Senate Nom Explains His Theory That Top Democrats Sabotaged His Campaign

U.S. Senate candidate Rick Weiland speaks at the Democratic Convention Friday evening, June 27, 2014 in Yankton, SD. (AP Photo/Dave Eggen)
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With a week to go before the election and polls showing the race slipping away from him, the Democratic nominee for Senate in South Dakota unleashed a tirade against national Democrats Monday, claiming that they had intentionally sabotaged his campaign in favor of the independent in the race, former Republican Sen. Larry Pressler.

“I can’t attribute this to (DSCC executive director) Guy Cecil or (Senate Majority Leader) Harry Reid or any of those other folks, but I know the chatter out there was they didn’t care if Weiland or Pressler won, and I think they felt like Pressler had a better path to victory,” Rick Weiland told TPM in a phone interview following a press conference in South Dakota where he unloaded on the DSCC. “They had a disclaimer, bought and paid for by the Democratic Senatorial Campaign Committee. Who do you think that’s going to affect?”

Weiland’s theory is that the DSCC is running negative TV ads against Republican nominee Mike Rounds in order to hurt Rounds and Weiland’s images and therefore boost Pressler, who has said he is open to caucusing with either party.

The DSCC declined to comment to TPM on Weiland’s statements, but has previously said publicly that it wants Weiland to win.

“No one had to tell me,” he continued when pressed about anything more tangible that he could point to to bolster his claims. “This is, I would say, political strategy 101.”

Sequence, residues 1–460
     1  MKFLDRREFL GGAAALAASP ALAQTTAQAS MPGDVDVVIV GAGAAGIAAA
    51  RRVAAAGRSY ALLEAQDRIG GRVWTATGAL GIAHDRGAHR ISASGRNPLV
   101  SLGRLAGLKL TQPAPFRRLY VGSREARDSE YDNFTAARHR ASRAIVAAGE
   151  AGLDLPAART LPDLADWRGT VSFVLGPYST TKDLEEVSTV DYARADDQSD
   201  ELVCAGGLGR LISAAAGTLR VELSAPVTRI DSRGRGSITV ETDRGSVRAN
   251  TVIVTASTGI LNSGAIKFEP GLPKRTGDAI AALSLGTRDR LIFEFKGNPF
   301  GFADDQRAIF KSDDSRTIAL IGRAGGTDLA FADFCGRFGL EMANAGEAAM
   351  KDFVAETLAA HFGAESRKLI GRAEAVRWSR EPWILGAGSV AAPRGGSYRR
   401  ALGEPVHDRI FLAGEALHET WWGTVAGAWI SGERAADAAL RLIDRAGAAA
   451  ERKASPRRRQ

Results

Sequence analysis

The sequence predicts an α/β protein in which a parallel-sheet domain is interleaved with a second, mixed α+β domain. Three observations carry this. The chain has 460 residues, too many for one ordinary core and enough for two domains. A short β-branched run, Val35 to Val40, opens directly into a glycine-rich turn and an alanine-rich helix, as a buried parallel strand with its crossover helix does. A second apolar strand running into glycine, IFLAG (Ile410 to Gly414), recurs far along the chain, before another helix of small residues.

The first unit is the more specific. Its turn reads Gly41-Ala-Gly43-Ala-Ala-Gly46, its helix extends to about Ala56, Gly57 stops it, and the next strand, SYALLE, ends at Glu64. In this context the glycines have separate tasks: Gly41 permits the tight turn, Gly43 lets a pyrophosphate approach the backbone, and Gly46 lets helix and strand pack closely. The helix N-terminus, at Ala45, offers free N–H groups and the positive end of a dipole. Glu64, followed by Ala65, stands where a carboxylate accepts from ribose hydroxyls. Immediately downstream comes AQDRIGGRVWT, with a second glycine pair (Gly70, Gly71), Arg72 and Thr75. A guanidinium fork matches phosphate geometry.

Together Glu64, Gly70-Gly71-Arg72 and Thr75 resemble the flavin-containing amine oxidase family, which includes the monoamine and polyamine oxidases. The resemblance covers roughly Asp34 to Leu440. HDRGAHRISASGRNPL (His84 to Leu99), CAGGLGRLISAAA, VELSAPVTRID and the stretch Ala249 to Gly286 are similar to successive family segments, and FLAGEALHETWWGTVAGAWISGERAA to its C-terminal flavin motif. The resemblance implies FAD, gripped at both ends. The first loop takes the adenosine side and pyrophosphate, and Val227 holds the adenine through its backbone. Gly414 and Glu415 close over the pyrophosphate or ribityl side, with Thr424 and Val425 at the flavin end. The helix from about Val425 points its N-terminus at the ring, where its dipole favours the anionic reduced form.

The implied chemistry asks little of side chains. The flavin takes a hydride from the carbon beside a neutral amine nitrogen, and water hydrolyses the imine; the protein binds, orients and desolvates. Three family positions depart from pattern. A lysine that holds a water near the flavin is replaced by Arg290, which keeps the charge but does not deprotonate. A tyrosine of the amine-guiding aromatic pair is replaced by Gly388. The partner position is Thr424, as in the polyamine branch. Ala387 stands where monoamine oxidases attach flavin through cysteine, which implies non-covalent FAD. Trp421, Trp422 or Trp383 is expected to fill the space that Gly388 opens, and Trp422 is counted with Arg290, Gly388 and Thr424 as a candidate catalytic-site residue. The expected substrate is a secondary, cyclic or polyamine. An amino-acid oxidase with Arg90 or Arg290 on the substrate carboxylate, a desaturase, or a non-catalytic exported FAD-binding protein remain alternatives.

Weiland pointed to the long public history of Reid’s dissatisfaction with his candidacy as further evidence. Reid has said that he preferred a different candidate for the race and at one point said that it was “more than likely” that Democrats would lose the seat being vacated by Sen. Tim Johnson (D-SD). He also said that the DSCC had not lent any money to the state party, which it could if it wanted to boost get-out-the-vote efforts.

“I think that Harry Reid — I don’t know him very well — but his, you know — I have to choose my words carefully here — I do think that that has stuck with him that I got in this race and I wasn’t his preferred candidate,” Weiland said. “He didn’t do anything to help me once I got in. Publicly said I wasn’t his choice. … You don’t think that dries up your funding? When the majority leader of the United States Senate, who controls the political arm of the Democratic Senate Campaign Commitee says South Dakota’s a lost cause? You don’t think he said that on purpose to dry up my funding? Give me a break. Of course he did.”

Weiland pointed out that the DSCC got involved after other outside groups, like Harvard professor Larry Lessig’s MayDay PAC, had come to his aid. Polling also showed the race tightening as Pressler’s support surged, though that has tapered and Rounds is comfortably ahead in the most recent polling.

“All of a sudden the DSCC has an epiphany? Wow, we better get in now, we’re going to look foolish?” he continued. “I think they made a calculation, this is all conjecture on my part, but they made a calculation with the super PAC’s coming in. … They saw some dynamics there, and with Pressler, that it was worth coming in here, taking down Rounds, driving my negatives up, and maybe getting Larry in play.”

Weiland said that he had “zero communication with (the DSCC) since probably July,” though he acknowledged that he had called DSCC chair Sen. Michael Bennet (D-CO) last week to warn him that he would say in a debate that he would not support Reid for majority leader if elected. He also said that his campaign advisers had “made repeated calls” to Cecil and others. The campaign has had a “very difficult time with connecting with him,” Weiland said. “I don’t know if they’ve connected yet.”

He said he made the statements now because he believes that Pressler is still holding more Democratic support than Republican and Weiland thinks he’s got “a chance to bring the Democrats home” by Election Day.

But it’s clear Weiland doesn’t believe he’s doing it with the help of the national Democratic party.

“I’ll say this: It’s not like it should be when you’re the nominee of the Democratic Party here in South Dakota,” he said. “We asked them 14 months ago to help us with the ground game out here. … They just dismissed us.”

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